Former Tranmere Rovers captain Scott Davies announced his retirement last month after a lengthy spell on the side-line. The 35-year-old goalkeeper suffered a ruptured Achilles in March 2021 and has now been forced to call time on his playing career.
Davies, who signed for his beloved Rovers from Fleetwood Town in 2015, will go down as a club legend after making 238 league appearances for the Merseyside outfit. He was a key member of the squad who achieved back-to-back playoff promotions taking the club from the National League to League One.
Almost 10 months ago, Davies was stretchered off just 13 minutes into Tranmere’s 1-1 draw with Mansfield after he awkwardly fell collecting a cross. Since then, he has been watching on from the sidelines and knew now was the right time to hang up his boots.
“To be honest I kind of knew it was coming,” said the former Rovers skipper. “We were creeping into early December which was about the four-month mark after my second operation, and I should really have been running and cracking on and not far from getting on the grass, but I ended up back in pain.
“I think they [my family] were the sole motivation for me to be honest. I think regardless of what the surgeon said, he can only advise me. I think sometimes you’ve got to listen to your body and at the end of the day, you’ve got 60 years of living to do. You want to be able to walk, you want to be fit, you want to be a dad. He gave me his advice and for me it was a no-brainer.”
Davies has what fans have described as an “incredible” football league career. On top of his achievements at Prenton Park, he had what he described as a “special” time at two of his former clubs Morecambe and Fleetwood Town where he made a combined 176 league appearances, winning the Conference National play offs with the Shrimps and the Conference Premier title with the Cod Army.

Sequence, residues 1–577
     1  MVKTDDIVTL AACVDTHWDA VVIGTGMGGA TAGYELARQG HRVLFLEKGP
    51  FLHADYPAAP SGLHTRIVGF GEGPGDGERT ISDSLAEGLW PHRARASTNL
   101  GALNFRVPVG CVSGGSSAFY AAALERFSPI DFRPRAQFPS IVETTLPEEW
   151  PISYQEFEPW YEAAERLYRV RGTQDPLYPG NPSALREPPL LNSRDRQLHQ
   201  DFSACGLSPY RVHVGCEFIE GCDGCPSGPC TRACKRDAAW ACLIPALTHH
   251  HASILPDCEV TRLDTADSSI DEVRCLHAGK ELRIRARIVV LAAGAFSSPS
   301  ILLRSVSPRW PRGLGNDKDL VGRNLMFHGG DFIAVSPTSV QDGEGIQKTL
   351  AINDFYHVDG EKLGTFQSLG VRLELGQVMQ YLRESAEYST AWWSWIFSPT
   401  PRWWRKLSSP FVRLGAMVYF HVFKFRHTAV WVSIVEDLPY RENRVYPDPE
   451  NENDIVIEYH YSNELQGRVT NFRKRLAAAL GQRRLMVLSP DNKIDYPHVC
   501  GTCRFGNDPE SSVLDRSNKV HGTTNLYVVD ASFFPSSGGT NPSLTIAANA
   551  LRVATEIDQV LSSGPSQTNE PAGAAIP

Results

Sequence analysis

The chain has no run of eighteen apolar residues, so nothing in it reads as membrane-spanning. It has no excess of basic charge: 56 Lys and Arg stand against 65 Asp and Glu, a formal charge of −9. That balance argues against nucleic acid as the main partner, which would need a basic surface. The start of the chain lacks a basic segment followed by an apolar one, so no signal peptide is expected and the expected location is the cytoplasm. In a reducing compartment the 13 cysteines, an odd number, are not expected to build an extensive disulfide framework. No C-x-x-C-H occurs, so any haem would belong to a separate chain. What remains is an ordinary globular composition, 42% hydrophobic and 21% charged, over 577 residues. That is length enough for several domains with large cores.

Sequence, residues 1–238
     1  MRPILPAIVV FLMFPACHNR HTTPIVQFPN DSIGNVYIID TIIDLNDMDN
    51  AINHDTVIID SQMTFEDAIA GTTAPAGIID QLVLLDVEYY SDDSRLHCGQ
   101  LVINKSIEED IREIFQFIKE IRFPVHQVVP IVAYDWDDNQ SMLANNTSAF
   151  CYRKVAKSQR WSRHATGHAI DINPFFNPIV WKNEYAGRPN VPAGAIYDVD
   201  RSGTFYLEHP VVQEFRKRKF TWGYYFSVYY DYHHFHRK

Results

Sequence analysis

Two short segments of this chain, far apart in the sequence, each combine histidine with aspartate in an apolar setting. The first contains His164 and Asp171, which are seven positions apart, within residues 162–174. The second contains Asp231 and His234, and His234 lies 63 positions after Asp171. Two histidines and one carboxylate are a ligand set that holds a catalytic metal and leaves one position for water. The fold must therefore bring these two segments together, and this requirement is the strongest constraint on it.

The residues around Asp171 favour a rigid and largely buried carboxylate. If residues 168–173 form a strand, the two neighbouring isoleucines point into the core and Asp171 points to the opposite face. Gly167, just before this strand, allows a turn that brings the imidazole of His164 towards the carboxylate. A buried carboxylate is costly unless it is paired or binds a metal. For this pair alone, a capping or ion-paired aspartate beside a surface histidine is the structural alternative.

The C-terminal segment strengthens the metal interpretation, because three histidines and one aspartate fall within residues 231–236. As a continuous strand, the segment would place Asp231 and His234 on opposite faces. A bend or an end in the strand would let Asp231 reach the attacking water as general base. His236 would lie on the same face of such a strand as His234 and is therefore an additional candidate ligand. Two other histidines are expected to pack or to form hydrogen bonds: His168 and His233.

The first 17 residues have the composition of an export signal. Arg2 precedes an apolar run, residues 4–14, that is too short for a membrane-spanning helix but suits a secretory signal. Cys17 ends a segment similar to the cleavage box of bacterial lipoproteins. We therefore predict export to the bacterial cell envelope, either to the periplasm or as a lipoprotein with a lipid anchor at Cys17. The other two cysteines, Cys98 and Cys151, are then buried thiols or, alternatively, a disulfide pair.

“I’m very lucky to have been part of some very good teams, he said. “I’m very lucky in the sense that I was part of three (Morecambe, Fleetwood and Tranmere) amazing groups as well, not just football teams. As a young lad a Morecambe the squad there was brilliant, full of senior pros and in the dressing room we had a great team spirit.
“It was a special group at Fleetwood, especially the first group I was apart of, the conference winning team. That was special. I was lucky enough again to have that at Tranmere. Very similar to the Fleetwood team in a sense to how close we all were.”
But what does the future hold for Davies? In League Two, the average highest earner’s wage sits at £2,192 a week with the figure increasing to £4,753 a week in League One. Of course, it’s important to consider that there are some clubs with significantly higher budgets than others.
Nevertheless, this isn’t a wage that means the former Tranmere stopper can relax and put his feet up like those playing towards the top of the Championship and in the Premier League.
“There’s a reality in me,” Davies says. “Yes, I’ve played football for 17 years, but I’ve played at League One, League Two and Conference level. I’ve got to go and do something. In the short-term though, I’m not concentrating on that.
“Coaching is still on the table, but I don’t know whether that will be in a full-time role or something that keeps my hands in football on the side. I’ve very much been looking into a career on the railway, so I’ve got that all set up ready to go. I’ve done my courses for that so if I want to do that I can.
“I’m 35, most people work until they’re 65 so that’s 30 years that I’ve still got left to work so the career that I now go on to have will be longer than I had in football. I think people forget that a football career isn’t that long. I’ve probably had a longer one than most so for that I’m blessed and forever grateful.”
Davies received hundreds of messages on social media from fans, as well as messages from his former clubs. The EFL journeyman built up a special rapport with the Tranmere supporters and this was evident when he announced his retirement.
The Superwhites rushed to Twitter and Facebook to share their favourite memories with their skipper and wish him the best for the future.
“To the Tranmere fans, honestly it’s tough to put into words,” he said. “How do you say thank you, that football club changed my life and it’s genuinely the best seven years of my life. Alongside my wife and my children it’s the next in line.
“I’ve got proper friends from that place. Honestly, some of the best people in the world will be in my life until the day I die. How do you say thank you for changing my life? I don’t know how to put that into words. It makes me emotional when I say that.”
By: Josh Dawson / @JoshD122
Featured Image: @GabFoligno / Lewis Storey / Getty Images